Addressing the Nation

Tomorrow, the country will sit still and listen to the State of the Nation Address (SONA) to be delivered by President Gloria Macapagal-Arroyo. This year’s SONA is crucial in clarifying government’s agenda and priorities for the year ahead. Aside from displaying fashion sense, this mid-year gathering to mark the convening of Congress is also an occasion for politicians to drop witty one-liners for inclusion in next day’s news. Women legislators will eye each other’s gowns and dresses with interest, down to the smallest bead. Pomp and finery shall govern within the session hall while fourteen thousand policemen form a human shield to protect those inside from plots real and imagined.

Local officials and members of the Charter Change Advocacy Commission as well as Sigaw ng Bayan will be out in full force, ready to spring from their seats to applaud the mention of Cha-cha. One Voice and other groups that have appealed for the bogus People’s Initiative to stop, shall be watching from their homes and offices, just as eager to know whether their appeals have fallen on deaf ears. Will elections take place next year? Will the President’s policy of an all-out war against insurgency receive more funding and support? On the other hand, will she acknowledge that this ongoing war has also claimed an alarming number of civilian lives? And what about the impeachment cases? Will these be mentioned at all?

I hope that the President tackles foreign policy in the SONA. Her speech must have the world as its backdrop because the ongoing conflict in the Middle East and Pyongyang’s stated objective of pursuing nuclear defense present a clear and present danger to millions of Filipino workers, and to our own regional security. Looking ahead, the country will host the ASEAN Leaders’ Summit in December where world leaders will head for Cebu to attend this momentous event. This global summit underscores the need to strengthen national security and put a sense of civility and order in our shambolic political affairs. What role can an average Filipino play in ensuring the success of the Summit?

It is expected that the SONA will touch on the concept of mega-regions. It will also include a full report on government accomplishments including all-out marketing initiatives to promote the country as a retirement haven. All the rhetorical flourishes will be in it, with dramatic pauses at the right moments, and as the President delivers her speech, the nation will be wanting to give her this chance to lead. After all, the SONA is her moment. After all the controversies and attempts to bring her down, she will own that podium tomorrow and say her piece because she is President to 85 million Filipinos.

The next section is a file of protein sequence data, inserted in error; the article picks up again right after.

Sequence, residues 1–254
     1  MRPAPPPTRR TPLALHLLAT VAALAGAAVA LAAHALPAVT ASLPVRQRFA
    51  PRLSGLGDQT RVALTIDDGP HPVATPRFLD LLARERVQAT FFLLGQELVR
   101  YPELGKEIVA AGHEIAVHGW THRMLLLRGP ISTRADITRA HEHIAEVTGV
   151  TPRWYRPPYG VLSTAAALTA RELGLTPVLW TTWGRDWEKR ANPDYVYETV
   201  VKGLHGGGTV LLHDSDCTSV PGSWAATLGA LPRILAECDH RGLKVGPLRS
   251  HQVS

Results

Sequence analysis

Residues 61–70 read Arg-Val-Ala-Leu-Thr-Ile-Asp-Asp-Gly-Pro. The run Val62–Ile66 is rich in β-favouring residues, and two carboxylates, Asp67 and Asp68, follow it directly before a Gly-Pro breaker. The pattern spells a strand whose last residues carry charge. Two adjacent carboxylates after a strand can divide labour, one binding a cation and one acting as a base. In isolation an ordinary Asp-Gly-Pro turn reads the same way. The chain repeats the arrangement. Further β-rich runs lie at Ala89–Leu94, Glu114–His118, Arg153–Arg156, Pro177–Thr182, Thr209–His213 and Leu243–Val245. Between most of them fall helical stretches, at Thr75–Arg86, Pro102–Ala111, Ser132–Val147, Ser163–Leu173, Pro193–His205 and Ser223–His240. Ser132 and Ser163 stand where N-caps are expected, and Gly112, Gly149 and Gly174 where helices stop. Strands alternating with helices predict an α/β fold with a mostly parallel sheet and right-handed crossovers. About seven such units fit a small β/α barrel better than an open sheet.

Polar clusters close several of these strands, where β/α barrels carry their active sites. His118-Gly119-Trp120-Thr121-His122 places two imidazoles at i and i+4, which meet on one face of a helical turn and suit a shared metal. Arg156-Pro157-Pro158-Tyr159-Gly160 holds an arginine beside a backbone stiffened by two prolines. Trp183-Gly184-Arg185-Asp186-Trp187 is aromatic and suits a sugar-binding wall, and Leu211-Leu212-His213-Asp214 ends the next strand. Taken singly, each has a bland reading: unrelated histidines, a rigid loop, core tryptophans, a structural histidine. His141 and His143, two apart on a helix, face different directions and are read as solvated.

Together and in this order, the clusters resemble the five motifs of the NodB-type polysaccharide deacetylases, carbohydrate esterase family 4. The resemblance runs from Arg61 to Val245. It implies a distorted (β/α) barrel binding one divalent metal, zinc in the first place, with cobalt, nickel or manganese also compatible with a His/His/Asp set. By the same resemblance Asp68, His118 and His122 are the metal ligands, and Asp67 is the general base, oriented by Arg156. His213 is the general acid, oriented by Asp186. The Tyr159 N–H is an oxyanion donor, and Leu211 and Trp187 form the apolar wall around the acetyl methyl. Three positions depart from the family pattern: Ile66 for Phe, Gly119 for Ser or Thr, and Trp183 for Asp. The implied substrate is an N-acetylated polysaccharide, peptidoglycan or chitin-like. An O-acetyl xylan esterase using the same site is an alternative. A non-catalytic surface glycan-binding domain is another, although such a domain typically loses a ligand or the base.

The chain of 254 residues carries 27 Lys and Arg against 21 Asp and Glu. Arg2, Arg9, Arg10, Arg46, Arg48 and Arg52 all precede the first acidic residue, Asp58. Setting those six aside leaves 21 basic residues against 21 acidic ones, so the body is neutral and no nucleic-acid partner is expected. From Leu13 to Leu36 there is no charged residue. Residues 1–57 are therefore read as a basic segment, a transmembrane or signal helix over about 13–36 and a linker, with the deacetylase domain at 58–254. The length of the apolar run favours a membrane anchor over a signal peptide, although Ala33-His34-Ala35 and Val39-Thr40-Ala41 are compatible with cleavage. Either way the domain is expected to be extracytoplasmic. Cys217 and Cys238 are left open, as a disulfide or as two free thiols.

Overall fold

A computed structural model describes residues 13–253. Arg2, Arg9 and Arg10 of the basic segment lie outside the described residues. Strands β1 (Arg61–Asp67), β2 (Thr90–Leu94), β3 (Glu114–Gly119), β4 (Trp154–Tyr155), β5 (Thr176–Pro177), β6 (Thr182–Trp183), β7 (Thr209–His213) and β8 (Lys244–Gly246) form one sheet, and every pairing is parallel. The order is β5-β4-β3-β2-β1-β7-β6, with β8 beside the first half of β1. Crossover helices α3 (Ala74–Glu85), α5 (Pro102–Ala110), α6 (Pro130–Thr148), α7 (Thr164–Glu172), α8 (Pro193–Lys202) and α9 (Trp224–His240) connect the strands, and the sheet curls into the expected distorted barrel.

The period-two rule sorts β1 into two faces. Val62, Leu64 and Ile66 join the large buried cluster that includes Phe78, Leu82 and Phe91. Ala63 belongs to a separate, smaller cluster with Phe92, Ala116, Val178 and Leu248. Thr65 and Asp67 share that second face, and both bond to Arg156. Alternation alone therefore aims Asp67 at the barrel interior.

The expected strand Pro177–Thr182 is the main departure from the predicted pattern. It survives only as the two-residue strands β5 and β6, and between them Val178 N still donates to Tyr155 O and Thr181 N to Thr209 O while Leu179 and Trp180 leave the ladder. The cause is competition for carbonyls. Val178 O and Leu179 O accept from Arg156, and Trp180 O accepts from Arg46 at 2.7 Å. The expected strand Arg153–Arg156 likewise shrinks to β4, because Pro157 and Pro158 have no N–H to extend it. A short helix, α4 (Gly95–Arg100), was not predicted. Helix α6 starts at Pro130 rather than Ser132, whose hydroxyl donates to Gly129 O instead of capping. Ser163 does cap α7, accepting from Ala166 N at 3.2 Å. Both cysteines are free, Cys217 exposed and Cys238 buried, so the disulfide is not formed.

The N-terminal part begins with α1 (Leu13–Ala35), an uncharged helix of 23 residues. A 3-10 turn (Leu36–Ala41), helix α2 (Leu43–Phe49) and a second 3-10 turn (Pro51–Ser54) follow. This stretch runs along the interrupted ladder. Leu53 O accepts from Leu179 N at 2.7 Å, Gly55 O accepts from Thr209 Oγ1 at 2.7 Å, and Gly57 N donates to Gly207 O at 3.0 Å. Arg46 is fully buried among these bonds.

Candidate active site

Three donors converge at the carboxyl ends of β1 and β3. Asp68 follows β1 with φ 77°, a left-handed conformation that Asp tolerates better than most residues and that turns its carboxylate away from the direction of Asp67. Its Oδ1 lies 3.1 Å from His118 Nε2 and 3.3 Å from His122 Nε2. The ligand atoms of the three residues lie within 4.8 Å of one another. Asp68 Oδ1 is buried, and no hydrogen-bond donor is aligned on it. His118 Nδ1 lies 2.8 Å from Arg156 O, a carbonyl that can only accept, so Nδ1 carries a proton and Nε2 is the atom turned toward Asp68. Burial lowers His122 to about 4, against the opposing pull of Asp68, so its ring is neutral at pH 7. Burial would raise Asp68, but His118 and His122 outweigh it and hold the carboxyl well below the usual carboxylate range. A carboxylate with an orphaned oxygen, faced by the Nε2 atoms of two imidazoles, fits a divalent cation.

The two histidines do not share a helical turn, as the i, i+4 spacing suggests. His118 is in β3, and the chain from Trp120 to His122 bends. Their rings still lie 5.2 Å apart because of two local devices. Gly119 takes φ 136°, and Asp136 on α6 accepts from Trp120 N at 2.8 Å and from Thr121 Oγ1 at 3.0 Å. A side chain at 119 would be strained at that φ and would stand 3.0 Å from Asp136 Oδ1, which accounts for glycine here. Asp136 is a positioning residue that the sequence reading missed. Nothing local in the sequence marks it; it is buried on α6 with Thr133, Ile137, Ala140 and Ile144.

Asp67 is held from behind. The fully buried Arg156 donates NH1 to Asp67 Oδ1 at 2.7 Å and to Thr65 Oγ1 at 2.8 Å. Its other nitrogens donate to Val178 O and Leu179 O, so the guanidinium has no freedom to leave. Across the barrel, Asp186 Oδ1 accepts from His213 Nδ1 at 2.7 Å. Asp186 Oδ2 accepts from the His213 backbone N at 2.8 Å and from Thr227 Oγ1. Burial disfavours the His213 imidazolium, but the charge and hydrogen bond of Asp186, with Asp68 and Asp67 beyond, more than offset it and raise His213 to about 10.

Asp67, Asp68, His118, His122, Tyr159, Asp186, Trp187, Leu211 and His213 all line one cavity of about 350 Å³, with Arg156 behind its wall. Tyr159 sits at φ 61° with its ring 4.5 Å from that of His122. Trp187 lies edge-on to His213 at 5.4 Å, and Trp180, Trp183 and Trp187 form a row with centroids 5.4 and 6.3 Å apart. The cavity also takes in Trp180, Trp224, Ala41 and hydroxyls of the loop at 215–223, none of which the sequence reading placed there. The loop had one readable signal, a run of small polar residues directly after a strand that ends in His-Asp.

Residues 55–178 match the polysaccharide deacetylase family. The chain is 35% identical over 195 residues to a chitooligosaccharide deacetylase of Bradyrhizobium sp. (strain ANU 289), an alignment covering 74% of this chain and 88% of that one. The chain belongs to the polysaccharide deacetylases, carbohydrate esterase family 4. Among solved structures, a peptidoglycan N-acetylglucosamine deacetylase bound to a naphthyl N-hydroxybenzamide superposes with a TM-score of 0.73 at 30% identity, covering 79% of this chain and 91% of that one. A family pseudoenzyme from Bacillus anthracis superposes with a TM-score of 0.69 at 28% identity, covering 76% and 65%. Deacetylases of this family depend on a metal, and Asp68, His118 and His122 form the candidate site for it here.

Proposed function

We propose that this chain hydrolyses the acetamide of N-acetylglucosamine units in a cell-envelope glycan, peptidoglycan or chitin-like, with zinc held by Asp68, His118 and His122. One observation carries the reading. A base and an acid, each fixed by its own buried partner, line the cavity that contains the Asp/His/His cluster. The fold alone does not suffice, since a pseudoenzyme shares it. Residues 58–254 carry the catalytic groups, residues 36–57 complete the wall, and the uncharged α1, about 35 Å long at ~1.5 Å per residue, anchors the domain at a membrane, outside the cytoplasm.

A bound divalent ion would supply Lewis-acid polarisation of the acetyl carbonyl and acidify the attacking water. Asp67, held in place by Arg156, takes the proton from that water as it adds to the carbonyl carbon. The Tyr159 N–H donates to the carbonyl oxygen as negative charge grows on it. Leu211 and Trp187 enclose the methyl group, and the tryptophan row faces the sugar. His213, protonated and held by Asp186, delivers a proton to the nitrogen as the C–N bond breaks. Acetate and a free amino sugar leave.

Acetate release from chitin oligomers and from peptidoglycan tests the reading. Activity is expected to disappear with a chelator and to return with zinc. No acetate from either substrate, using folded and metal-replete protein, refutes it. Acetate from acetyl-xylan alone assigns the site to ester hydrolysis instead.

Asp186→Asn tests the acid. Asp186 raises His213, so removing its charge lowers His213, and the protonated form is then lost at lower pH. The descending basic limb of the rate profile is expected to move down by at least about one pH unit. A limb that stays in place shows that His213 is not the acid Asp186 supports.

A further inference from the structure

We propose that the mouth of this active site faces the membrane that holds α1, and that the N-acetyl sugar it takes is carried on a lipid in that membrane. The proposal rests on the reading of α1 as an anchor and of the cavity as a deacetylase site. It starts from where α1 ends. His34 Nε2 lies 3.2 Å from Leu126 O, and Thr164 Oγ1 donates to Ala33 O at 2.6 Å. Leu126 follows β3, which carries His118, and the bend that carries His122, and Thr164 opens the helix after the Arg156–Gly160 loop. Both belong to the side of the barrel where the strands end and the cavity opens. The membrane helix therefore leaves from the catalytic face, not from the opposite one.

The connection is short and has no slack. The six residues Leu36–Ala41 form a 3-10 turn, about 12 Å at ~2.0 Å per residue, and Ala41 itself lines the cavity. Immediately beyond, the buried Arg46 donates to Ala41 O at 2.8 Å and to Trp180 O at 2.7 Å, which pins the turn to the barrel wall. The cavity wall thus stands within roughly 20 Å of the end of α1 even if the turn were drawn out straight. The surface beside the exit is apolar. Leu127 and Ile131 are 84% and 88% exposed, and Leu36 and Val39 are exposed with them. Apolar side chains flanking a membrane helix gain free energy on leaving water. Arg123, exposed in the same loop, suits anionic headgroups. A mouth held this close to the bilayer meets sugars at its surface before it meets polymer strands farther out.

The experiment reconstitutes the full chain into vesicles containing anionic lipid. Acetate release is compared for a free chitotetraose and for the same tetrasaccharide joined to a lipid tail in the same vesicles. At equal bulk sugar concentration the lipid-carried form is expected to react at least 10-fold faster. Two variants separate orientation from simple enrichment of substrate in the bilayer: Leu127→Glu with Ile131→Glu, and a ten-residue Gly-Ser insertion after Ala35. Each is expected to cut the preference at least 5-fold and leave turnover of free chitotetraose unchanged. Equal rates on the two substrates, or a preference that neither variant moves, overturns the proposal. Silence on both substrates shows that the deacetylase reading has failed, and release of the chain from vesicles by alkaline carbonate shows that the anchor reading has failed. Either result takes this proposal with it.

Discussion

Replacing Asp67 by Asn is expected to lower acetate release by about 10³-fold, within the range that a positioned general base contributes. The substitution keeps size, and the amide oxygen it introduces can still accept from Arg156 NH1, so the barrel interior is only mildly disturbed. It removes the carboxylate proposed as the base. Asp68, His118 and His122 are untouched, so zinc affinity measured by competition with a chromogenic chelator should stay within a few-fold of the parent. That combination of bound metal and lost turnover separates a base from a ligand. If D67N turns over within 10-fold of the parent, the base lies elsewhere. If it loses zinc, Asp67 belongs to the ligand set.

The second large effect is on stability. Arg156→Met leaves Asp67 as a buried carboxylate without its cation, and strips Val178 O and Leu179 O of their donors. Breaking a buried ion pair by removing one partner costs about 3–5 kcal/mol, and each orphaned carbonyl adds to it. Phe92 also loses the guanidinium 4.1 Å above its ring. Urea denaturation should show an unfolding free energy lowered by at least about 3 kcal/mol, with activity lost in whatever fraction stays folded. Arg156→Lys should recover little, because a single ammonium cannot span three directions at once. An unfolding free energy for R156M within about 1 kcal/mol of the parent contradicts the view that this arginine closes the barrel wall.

“Here I am,” her facial expression will say, as her eyes gaze at the audience and beyond it with confidence, if not triumph, as she collects her thoughts and begins to speak.

As a former member of the presidential speechwriting group, I have been asked what I thought should be the tone of this year’s SONA. I said wistfully that I hope it would not be combative, because people are tired of verbal tirades that publicists tend to profit from, at the expense of civil and intelligent discourse. People tend to tune out a speech that goes beyond seven to ten minutes especially if the orator dwells on his or her pain and successes rather than tackling the audience’s interests. Because this is a SONA, the public and media will do its best to comprehend the President’s words, as well as the emotions that go with every line.

Will there be venom in her speech, a touch of hatred directed at her enemies perhaps? Former Czech President Vaclav Havel, a noted writer, once said, “I have noticed that all haters accuse their neighbors – and through them the whole world – of being evil. The motive force behind this wrath is the feeling that these evil people and the evil world are denying them what is naturally theirs. In other words, haters project their own anger onto others. Here too they are like spoiled children. They don’t see that they must sometimes show themselves worthy of something and if they don’t automatically have everything they think they should, this is not because someone is being nasty to them.”

Will it be more reconciliatory, a throwback to days of yore when leadership heals and inspires? Once again, Havel — “I would like to say that I want to be a president who will speak less and work more. To be a president who will not only look out of the windows of his airplane but who, first and foremost, will always be present among his fellow citizens and listen to them well. […] People, your government has returned to you!”

Let us listen well, to what would be said and not said, in tomorrow’s State of the Nation Address. As citizens of this beloved country, we are co-creators and co-owners of every triumph, and every fall that this country experiences. President Gloria Macapagal-Arroyo takes that podium tomorrow, in our behalf, and it is for us to determine if her reality and aspirations sufficiently match our own. Tomorrow is a day of discernment, and for this reason, the SONA will be more than just your usual speech.

Author: Susan Ople

Susan "Toots" Ople is the President of the Blas F. Ople Policy and Training Institute. She's an OFW and labor advocate based in the Philippines.

Share This Post On
  • migzc

    The bitch needs speech lessons. And excitement management.